I named this carving Rangatira as a mark of respect in acknowledging the tangata whenua (people of the land) or First Nations tribes of Canada. Many relationships have been formed between Māori and First Nations under the umbrella of art. Some of these ties were created through the initiatives of the Spirit Wrestler Gallery in hosting a number of cross cultural exhibitions that highlight the significance of two great art forms from two different cultures. These relationships continue to build with every gathering whether it is on either side of the Pacific.
I’ve come to learn some of the countless similarities between these two cultures like the importance of whakapapa (genealogy) and the connections to our ancestors. The value that is placed on the land and all that it provides is emphasized with a focus on those ties to ones tribal roots. We have a whānau (family), hapū (sub-tribe), iwi (tribe) based structure that is governed by strong cultural customs and protocols. We both tell the stories that were handed down through the generations and record them through our art. We are spiritual peoples with a great respect for nature and an acute understanding of all of its elements.
Our tribal connections define our heritage and so it is the paramount chief that symbolizes all of these facets as the eminent leader of his people. He represents all of those gone before him upholding their mana (power, prestige) as well as having earned his own. As a true warrior, he will lead his tribe fearless in battle and strives to maintain the integrity of his people and to ultimately ensure the certainty of a positive and prosperous future.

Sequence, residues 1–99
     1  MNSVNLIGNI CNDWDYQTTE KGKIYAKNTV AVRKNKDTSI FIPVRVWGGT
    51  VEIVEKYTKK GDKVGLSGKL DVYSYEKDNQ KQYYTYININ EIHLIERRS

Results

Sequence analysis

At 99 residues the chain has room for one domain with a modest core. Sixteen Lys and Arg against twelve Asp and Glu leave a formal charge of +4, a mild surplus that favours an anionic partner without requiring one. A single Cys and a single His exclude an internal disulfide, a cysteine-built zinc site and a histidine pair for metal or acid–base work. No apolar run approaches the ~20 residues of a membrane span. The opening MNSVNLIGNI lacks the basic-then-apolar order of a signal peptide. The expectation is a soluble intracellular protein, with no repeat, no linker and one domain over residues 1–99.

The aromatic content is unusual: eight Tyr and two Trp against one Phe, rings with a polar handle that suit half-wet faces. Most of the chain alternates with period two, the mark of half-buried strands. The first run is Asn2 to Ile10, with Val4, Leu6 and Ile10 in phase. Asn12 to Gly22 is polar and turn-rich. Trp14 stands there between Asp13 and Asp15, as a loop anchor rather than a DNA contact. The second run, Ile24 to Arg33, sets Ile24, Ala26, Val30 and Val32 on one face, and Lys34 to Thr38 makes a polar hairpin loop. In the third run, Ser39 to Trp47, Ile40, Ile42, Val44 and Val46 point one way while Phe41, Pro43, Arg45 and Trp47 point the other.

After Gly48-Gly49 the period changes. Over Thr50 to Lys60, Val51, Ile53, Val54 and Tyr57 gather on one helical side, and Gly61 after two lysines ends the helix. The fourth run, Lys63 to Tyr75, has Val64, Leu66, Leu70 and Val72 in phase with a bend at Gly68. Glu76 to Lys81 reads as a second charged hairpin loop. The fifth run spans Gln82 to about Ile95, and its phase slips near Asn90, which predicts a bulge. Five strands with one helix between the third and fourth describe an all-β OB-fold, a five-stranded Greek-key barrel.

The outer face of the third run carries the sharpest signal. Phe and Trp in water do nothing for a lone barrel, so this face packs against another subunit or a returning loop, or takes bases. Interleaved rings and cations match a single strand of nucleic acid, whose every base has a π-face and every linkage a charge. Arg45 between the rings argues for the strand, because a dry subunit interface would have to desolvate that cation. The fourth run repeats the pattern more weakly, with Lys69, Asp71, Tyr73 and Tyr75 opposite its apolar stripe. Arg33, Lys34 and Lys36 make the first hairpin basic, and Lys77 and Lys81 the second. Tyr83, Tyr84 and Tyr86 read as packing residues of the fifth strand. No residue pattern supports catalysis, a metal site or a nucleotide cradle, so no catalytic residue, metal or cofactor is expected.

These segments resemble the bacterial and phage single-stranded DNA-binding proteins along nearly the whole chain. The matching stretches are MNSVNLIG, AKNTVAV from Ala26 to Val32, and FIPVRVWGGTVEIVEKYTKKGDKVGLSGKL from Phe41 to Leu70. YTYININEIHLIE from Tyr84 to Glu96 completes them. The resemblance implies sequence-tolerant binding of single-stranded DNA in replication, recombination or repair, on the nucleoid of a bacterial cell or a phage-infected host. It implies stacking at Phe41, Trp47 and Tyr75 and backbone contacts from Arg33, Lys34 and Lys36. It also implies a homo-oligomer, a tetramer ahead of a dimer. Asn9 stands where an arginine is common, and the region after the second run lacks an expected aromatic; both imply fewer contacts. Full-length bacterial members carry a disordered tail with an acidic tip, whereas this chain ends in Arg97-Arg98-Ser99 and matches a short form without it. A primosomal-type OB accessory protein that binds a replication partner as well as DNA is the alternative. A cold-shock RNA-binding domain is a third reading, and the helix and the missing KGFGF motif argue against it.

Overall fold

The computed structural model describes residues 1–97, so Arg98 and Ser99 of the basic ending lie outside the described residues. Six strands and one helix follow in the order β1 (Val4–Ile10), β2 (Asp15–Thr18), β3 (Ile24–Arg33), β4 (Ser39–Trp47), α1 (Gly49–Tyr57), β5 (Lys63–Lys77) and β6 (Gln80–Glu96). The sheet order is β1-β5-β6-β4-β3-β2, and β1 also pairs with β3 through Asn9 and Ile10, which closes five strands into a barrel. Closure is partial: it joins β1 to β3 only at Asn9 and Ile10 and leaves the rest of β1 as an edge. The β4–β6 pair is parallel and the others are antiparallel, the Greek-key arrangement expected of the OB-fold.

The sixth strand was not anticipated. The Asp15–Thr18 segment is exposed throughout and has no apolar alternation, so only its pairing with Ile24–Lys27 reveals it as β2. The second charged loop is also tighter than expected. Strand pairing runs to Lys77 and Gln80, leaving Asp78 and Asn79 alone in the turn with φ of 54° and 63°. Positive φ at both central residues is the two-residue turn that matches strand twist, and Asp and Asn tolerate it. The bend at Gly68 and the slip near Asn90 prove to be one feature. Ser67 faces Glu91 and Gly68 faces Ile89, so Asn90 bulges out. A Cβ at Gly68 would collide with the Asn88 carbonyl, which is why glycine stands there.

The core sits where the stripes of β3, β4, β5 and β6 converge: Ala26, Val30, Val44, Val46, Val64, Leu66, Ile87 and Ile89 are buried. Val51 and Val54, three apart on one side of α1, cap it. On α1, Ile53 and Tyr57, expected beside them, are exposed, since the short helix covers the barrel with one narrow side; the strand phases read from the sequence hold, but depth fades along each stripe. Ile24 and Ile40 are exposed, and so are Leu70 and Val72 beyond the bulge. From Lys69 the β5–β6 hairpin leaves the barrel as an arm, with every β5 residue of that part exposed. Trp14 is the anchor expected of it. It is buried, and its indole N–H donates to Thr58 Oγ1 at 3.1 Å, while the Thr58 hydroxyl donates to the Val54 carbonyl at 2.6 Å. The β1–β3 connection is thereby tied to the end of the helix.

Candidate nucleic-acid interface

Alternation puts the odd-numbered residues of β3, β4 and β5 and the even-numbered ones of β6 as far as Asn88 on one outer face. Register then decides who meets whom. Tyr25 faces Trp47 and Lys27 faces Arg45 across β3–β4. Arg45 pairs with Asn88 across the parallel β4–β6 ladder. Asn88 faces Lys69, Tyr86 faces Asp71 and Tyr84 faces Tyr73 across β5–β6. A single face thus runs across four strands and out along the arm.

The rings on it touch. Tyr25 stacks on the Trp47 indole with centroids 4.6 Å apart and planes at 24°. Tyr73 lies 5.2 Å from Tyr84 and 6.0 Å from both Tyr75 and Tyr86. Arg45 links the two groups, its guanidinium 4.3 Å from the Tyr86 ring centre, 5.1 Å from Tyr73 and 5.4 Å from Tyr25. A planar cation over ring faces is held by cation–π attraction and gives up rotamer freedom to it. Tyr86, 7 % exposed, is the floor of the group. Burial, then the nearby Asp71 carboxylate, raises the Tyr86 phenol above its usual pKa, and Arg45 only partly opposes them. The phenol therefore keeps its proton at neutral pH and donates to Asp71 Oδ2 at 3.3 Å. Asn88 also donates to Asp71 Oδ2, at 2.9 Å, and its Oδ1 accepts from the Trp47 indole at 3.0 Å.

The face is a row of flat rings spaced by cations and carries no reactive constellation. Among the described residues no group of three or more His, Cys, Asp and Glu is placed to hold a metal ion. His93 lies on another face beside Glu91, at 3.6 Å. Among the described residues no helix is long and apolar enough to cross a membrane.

*Exhibited with Spirit Wrestler Gallery at Māori Art Market in Porirua, New Zealand, as part of celebrations during Rugby World Cup 2011.
$ 25.00 CAD
$ 2,750.00 CAD
by Rex Homan
$ 8,750.00 CAD
Todd attended Te Aute Boys College in Hawkes Bay from 1987 to 1991 and quickly excelled in art. In 1995, he completed the Diploma of Art, Craft and Māori Design at Waiariki Institute of Technology in Rotorua; he majored in woodcarving/sculpture and graduated with honours. It was during this time that he met Roi Toia, who was teaching there. Roi, impressed with his talent, invited Todd to apprentice with him. They continue to work together, but Todd has forged his own style and direction in carving, with commissioned pieces residing in collections in the United States, Canada, Australia and the Netherlands. He participated in Kiwa: Pacific Connections (2003) in Vancouver, Canada.
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